Valentine’s Day was beautiful and sunny, but I woke up out of sorts.  The previous night I read a Freshly Pressed post that deeply affected me: Asher’s “Bipolar as Unexpected Gift” on My Beautiful Machine.   In a nutshell, I allowed Asher’s post title to trigger me.  I wrote a complaint to WordPress letting them know why I wasn’t thrilled with their selection.

Next, I wrote my own blog post about Asher’s post.  I broke my stringent rule of not waiting a minimum of twenty-four hours to review and publish any post.  Instead, as soon as I finished typing “Do YOU think bipolar is a gift?”, I pressed the blue “Publish” button.  Shazam! I had no idea what I was about to stir up.  

I received more comments about “Do YOU think bipolar is a gift?” than any of the other 257 posts I’ve written. (Speaking of comments, I apologize for not having responded to comments yet. I will! My apologies!)

If I could re-do Valentine’s weekend, I would have put my energy into doing something else than writing about Asher’s post.  It’s so easy to look back at such events and think, “Hmmmm – that wasn’t good for me, as much as I wanted to hop on my soapbox and pontificate!”   I should have given stinky Lucy a lavender and mint-scented bath instead, or hang out with the girls, or God forbid, work on my book. But nooooooooooo!

Ironically, Asher and I wound up getting in touch with one another after I published my post. He took the high road instead of becoming defensive. I thought he had every right to be huffy, so I was pleasantly surprised by his positive attitude. We both agreed on how much we love the blogosphere, and it was nice to interact with a blogger who could take my criticism with a grain of salt and a cup of compassion.  Asher was willing to re-examine different perceptions of bipolar as gift, as evil incarnate, or somewhere in between…  (You all know how I feel about that! 😉  I was grateful to him.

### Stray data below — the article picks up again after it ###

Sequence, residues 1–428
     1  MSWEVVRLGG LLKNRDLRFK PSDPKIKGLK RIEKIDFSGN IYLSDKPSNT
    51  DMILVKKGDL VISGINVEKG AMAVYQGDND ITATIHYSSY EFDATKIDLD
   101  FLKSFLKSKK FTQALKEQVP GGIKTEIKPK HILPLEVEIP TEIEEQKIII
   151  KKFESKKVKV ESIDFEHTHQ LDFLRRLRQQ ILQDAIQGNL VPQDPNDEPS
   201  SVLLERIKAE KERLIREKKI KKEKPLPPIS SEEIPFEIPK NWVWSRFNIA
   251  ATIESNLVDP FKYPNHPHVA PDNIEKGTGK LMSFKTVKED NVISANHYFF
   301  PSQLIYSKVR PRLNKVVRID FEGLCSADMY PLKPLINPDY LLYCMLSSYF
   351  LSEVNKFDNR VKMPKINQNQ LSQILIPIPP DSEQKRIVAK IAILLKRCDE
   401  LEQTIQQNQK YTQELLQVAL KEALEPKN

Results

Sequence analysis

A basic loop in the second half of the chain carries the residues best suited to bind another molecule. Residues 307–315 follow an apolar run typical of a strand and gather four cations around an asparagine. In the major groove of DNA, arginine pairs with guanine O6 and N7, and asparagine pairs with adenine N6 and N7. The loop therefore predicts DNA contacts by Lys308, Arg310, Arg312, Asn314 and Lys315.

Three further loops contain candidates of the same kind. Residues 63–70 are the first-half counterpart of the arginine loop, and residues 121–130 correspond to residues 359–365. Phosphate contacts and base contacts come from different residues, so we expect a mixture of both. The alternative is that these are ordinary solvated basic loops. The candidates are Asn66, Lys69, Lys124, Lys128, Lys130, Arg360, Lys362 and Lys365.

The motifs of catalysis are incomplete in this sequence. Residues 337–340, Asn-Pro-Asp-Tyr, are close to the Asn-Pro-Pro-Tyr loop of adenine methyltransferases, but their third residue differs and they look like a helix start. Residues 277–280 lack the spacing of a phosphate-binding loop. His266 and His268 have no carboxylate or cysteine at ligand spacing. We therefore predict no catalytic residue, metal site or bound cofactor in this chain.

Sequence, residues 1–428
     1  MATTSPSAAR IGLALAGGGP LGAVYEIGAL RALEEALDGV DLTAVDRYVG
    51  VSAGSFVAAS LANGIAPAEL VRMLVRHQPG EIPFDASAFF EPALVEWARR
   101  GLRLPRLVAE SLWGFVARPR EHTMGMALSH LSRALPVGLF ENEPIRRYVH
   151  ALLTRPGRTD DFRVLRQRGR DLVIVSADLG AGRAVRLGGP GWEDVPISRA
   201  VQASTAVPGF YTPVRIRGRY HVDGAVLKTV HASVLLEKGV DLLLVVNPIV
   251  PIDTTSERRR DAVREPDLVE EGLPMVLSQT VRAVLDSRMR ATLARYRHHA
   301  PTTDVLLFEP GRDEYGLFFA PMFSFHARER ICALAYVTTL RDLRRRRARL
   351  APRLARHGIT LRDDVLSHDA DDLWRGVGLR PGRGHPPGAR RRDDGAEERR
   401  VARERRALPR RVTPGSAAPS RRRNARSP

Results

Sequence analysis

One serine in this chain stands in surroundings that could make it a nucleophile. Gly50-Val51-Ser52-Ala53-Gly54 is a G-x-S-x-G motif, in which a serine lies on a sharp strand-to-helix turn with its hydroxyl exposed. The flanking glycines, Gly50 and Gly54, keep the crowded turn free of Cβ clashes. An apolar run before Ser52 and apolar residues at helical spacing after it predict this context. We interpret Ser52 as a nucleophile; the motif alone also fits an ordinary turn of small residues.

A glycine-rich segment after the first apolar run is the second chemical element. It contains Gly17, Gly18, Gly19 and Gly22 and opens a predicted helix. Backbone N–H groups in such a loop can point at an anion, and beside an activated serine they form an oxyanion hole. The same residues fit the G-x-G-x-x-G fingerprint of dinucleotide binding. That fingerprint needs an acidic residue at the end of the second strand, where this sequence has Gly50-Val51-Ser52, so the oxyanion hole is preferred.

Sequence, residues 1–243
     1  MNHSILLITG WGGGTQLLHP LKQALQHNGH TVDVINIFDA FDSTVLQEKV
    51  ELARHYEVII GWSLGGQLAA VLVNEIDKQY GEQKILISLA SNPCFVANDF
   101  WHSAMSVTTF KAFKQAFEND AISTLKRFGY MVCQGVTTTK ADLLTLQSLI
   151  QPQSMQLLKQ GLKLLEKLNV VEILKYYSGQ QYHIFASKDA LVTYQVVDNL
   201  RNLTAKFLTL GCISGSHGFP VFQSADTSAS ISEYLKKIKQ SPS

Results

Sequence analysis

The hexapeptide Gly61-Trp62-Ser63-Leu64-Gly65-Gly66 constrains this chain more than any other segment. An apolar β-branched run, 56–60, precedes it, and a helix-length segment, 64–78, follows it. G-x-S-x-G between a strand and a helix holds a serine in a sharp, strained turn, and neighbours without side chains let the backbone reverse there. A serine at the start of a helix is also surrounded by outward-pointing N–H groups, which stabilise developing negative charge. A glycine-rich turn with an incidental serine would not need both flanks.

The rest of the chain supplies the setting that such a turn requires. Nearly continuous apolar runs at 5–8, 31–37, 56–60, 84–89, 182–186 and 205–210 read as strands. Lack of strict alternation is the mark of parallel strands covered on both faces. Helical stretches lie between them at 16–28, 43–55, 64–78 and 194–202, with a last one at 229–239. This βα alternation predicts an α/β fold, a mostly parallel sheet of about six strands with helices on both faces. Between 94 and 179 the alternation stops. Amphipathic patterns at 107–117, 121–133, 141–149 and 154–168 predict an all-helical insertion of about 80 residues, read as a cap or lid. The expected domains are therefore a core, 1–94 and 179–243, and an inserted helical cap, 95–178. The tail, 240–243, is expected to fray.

Moving on….

Then, Saturday evening I became The Devil.  

Valentine’s Day is always weird for me.  For years I’ve pretended that I’m low-maintenance and claimed that I don’t need a mushy card, flowers, high-end chocolate, a nice dinner, and so on. But that has been a blatant lie, and like a volcano, I’ve kept my bubbling, lava-like anger inside of me until I finally burst. 

I didn’t communicate with my husband about my expectations – my first big mistake.  When Valentine’s Day came round, my husband gave me a card, but that was it.  When Craig and I turned in for the night, I made a caustic remark that irritated him more than I thought it would.  He became an ice cube and fell asleep instantly.

Meanwhile, yours truly fumed. I even started crying – it was unusual for me to cry over a rebuff like that, but I felt so hurt and disappointed.  I wanted our evening to be special, or at least have some affection, but there was no hug or kiss goodnight.  Nada.

I couldn’t sleep.

That became a BIG problem.

I took an extra 25 mg of my Seroquel.  I read a book. Still, no sleep in sight.

I fumed some more.  Then I did something extremely rare.  I woke up Craig from his enviable deep sleep.  I told him that I couldn’t sleep.  He didn’t hear my snorts and sniffles; instead he rolled over and he went back to sleep within seconds.

I woke him up again.  The same pattern took place.

I barely slept the rest of the night, and my history has shown that’s disastrous.  Even one night’s lack of sleep messes me up big-time!  The following day I was a zombie and despite another beautiful, sunny day, I stayed in bed. I was exhausted, I was still bottled up with anger  and what was worse was that I felt depressed.  That scared the sh*t out of me, as I hadn’t felt that down in a long time.